Cats is bad. The one-time Oscar hopeful lost its studio about 70 million dollars and swept this year’s Razzie Awards with six wins, including Worst Picture — and that was before the “butthole cut” was confirmed to exist. But does the confoundingly terrible movie musical transcend its abysmal Rotten Tomatoes rating, as so many Jellicles hope to transcend into the Heaviside layer, and become so bad it’s good? No. Except, that shouldn’t stop you from renting it, now that it’s available on VOD for a mere $5.99.
Tom Hooper’s attempt at taking Cats from stage to screen is, disappointingly, too boring to qualify for so-bad-it’s-good status. Films that earn that distinction, like Plan 9 From Outer Space or Battlefield Earth, are usually comprehensible-enough narratives told with embarrassingly poor execution. Most often, that means unconvincing special effects and over-the-top acting.
Cats is poorly executed, but it’s also impossible to engage with as a straightforward piece of storytelling. Eventually, it might achieve a similar cult following to that of The Rocky Horror Picture Show, another film adaptation of an off-kilter musical. However, Rocky Horror makes lightyears’ more sense and has the built-in advantages of better songs, cosplayable characters and learnable choreography. Whatever ironic fandom Cats is accruing for itself appreciates the movie for a very different reason.
It should be noted that the audience ought not place too much blame on the Cats performers. Where many gleefully reviled movies feature plenty of scene chewing, for the most part the actors in Cats are doing pretty earnest work. Jason Derulo as Rum Tum Tugger knows exactly what kind of movie he wants to be in. Veritable legends Sir Ian McKellen and Dame Judi Dench try their level best to do something of substance with the material. Rebel Wilson and James Corden, in badly interpreted comic relief roles that mostly make fun of their weight, are legitimately uncomfortable to watch. That — and almost everything else that’s wrong with Cats — seems to have much more to do with fascinatingly bad decisions made by the production team.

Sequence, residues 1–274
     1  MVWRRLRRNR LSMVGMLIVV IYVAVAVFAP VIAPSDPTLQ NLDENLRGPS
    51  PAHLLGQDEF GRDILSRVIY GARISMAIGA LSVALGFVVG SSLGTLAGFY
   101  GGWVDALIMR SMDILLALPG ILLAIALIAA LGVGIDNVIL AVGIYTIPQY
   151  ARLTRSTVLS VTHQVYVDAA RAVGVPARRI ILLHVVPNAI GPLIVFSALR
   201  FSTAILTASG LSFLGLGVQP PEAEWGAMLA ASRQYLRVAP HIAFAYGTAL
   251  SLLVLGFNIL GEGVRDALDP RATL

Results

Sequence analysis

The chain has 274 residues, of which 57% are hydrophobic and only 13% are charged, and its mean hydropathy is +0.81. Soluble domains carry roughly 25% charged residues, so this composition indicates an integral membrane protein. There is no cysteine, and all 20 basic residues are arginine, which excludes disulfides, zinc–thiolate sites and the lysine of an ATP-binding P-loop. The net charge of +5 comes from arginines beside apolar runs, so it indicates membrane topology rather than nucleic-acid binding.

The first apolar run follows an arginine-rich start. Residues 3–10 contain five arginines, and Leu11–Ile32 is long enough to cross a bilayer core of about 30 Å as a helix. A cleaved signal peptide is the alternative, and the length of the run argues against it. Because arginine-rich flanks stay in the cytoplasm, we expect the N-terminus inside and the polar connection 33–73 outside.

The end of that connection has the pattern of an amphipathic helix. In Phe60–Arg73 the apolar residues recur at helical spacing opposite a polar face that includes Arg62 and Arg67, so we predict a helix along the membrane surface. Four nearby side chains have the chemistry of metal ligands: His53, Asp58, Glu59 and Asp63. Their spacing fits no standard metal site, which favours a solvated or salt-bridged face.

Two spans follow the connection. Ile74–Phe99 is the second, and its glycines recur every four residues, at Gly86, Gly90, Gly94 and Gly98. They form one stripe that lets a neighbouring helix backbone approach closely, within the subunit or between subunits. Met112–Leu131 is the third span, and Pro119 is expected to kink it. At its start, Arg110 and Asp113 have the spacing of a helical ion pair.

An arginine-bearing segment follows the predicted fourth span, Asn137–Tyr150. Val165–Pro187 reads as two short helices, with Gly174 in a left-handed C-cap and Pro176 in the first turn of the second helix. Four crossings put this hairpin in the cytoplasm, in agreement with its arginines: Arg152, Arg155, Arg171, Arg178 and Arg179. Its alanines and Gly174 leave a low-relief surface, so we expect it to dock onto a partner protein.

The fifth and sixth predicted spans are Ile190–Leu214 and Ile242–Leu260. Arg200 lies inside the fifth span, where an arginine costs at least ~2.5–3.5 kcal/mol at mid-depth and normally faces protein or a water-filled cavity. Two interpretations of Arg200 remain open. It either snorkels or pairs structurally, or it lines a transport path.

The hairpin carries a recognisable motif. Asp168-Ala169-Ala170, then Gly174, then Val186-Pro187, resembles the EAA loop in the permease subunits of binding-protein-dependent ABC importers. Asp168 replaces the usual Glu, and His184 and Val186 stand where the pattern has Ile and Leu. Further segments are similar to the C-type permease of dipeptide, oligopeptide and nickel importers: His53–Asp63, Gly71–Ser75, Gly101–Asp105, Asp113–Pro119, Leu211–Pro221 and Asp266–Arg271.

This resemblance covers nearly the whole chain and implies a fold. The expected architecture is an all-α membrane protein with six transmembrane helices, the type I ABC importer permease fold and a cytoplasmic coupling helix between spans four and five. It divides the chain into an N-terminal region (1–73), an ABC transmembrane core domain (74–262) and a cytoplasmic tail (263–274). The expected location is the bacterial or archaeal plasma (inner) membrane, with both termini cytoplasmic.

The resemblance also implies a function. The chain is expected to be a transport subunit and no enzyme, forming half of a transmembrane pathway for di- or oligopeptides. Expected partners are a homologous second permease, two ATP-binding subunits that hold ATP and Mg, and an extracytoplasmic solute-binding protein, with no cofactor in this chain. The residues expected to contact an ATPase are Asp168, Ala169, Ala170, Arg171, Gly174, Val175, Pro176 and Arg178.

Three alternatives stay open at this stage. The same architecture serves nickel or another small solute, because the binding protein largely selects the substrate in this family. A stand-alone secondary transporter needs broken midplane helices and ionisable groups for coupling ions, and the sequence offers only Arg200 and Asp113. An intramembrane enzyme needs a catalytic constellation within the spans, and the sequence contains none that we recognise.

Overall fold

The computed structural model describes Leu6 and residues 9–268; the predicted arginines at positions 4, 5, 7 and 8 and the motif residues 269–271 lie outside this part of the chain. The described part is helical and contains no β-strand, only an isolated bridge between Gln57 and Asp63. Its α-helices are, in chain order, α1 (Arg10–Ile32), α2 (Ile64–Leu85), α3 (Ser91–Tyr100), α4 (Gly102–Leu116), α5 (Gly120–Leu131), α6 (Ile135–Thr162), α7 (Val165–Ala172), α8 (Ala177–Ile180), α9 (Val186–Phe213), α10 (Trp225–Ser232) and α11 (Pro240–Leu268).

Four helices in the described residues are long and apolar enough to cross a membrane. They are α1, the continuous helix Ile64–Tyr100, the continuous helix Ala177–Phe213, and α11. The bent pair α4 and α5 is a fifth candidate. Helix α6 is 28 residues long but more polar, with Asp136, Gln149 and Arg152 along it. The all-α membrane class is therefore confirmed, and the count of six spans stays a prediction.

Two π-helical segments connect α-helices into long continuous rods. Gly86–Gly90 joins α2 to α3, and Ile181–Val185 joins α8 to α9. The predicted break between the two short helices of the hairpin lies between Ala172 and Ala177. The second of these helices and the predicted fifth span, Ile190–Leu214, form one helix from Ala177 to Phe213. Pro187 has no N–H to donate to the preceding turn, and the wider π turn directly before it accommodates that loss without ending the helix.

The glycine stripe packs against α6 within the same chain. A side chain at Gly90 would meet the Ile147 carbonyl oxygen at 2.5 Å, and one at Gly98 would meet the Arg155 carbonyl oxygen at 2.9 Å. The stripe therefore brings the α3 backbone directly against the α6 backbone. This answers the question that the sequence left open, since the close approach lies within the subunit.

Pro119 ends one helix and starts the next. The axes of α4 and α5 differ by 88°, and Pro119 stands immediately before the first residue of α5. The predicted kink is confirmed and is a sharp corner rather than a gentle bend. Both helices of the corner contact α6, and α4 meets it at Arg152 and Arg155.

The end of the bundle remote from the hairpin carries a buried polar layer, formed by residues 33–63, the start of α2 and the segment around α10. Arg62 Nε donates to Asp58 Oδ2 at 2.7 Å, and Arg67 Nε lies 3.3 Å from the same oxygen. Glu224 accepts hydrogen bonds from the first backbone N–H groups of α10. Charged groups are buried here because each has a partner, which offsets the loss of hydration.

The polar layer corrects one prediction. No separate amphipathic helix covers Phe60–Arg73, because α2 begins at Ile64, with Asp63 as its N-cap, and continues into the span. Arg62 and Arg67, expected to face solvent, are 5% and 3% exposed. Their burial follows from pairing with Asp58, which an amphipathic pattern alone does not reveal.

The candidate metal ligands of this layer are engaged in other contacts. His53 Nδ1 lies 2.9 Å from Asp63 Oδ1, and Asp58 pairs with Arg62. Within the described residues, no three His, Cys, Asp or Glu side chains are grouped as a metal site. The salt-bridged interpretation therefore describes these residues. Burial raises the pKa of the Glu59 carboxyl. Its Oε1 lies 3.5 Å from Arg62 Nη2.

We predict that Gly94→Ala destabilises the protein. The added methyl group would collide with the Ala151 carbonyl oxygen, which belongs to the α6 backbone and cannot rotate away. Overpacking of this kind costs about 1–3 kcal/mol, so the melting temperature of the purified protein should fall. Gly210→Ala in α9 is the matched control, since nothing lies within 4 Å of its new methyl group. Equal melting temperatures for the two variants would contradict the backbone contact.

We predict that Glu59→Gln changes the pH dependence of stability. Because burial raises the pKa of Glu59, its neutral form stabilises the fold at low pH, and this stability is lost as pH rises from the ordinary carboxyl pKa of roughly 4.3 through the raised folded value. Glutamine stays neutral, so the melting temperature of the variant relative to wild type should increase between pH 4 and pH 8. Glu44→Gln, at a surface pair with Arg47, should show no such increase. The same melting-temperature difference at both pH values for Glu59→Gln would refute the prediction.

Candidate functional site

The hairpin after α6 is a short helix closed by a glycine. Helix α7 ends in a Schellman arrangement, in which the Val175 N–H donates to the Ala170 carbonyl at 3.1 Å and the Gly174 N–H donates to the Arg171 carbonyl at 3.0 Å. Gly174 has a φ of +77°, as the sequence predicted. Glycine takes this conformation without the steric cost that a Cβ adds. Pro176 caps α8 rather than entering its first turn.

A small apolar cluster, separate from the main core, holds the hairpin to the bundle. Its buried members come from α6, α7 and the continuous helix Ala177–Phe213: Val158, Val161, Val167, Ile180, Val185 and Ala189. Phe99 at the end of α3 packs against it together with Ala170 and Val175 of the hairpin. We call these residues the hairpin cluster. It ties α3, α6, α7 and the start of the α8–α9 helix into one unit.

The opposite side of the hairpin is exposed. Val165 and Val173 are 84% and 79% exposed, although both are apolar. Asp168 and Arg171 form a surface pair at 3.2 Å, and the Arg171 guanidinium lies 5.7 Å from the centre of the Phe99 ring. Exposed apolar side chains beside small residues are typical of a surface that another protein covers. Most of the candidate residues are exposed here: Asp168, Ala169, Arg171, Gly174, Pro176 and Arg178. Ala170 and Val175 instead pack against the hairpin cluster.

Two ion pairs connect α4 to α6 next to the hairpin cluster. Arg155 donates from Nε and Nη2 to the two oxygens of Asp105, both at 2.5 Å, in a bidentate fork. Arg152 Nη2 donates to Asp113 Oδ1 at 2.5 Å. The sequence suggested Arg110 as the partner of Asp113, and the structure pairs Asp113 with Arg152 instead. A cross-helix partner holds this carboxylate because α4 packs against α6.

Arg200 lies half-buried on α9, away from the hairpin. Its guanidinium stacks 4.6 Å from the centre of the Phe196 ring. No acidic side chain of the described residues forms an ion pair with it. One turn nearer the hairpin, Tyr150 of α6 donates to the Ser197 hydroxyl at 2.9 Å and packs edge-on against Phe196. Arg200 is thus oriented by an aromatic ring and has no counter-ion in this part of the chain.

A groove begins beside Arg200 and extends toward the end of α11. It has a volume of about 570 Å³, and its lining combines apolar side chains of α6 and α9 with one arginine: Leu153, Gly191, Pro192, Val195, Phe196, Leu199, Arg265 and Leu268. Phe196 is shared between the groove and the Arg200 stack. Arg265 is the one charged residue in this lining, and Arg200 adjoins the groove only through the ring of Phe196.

Ask any fan of the Broadway show: Cats is about dance and spectacle. The movie suffers because it gets those two elements so wrong. Things looked promising at first (thus the awards buzz). Hooper cast famous dancers, Francesca Hayward and the Bourgeois twins and recruited Andy Blankenbuehler, the Tony-winning choreographer from Hamilton. Rather than showcase their talents, the film is so oddly framed and cut, viewers can hardly make out their contributions. To make matters much worse, Hooper thought it necessary to digitize the dance moves to make them appear more complicated and impressive than they would naturally be. The final effect is so depressingly underwhelming that for the dancers’ sakes, one wants to give them a do-over and record it with an iPhone.
The digital effects are truly the film’s downfall. The play’s costumes are nothing more than leotards, heavy makeup, and big tufts of fur, but they work. The movie version probably would have been fine (well, closer to fine) had it stayed with that iconic look. Instead, the cats and their environment are rendered in such a second-draft way, the most fun one can have watching Cats is to try and catch all the worst offenses. Apparently it was no one’s job to decide what size the cats should be. One minute, they’re slightly smaller than an adult person. The next, they’d fit in a shoebox. What’s skin and what’s fur is completely arbitrary and that’s to say nothing of those human noses, hands and feet. The backgrounds are so one dimensional and unimportant, they appear to have been copied and pasted from Google image searches. The most egregious sin of all is that they took Idris Elba — one of the classiest and most attractive men in the world — and turned him into something that’s at once so disturbing and unintentionally hilarious, we’ll never be able to look at him the same way again.
Cats also gifts us with a scene in which McKellen laps what might be liquor out of a bowl while standing completely prostrate, so there’s that. Since you can’t really spoil a movie with no point, it’s not a spoiler to say that Cats ends with Dench talking nonsense to the audience for so long that you’ll think someone forgot to yell cut. But by then, you’ll have gotten what you wanted for your five bucks. Not enjoyment or even laughs, per se, but a strange look behind the curtain.
Cats is bad and not in a so-bad-it's-good way, but it's still worth renting on VOD for these reasons.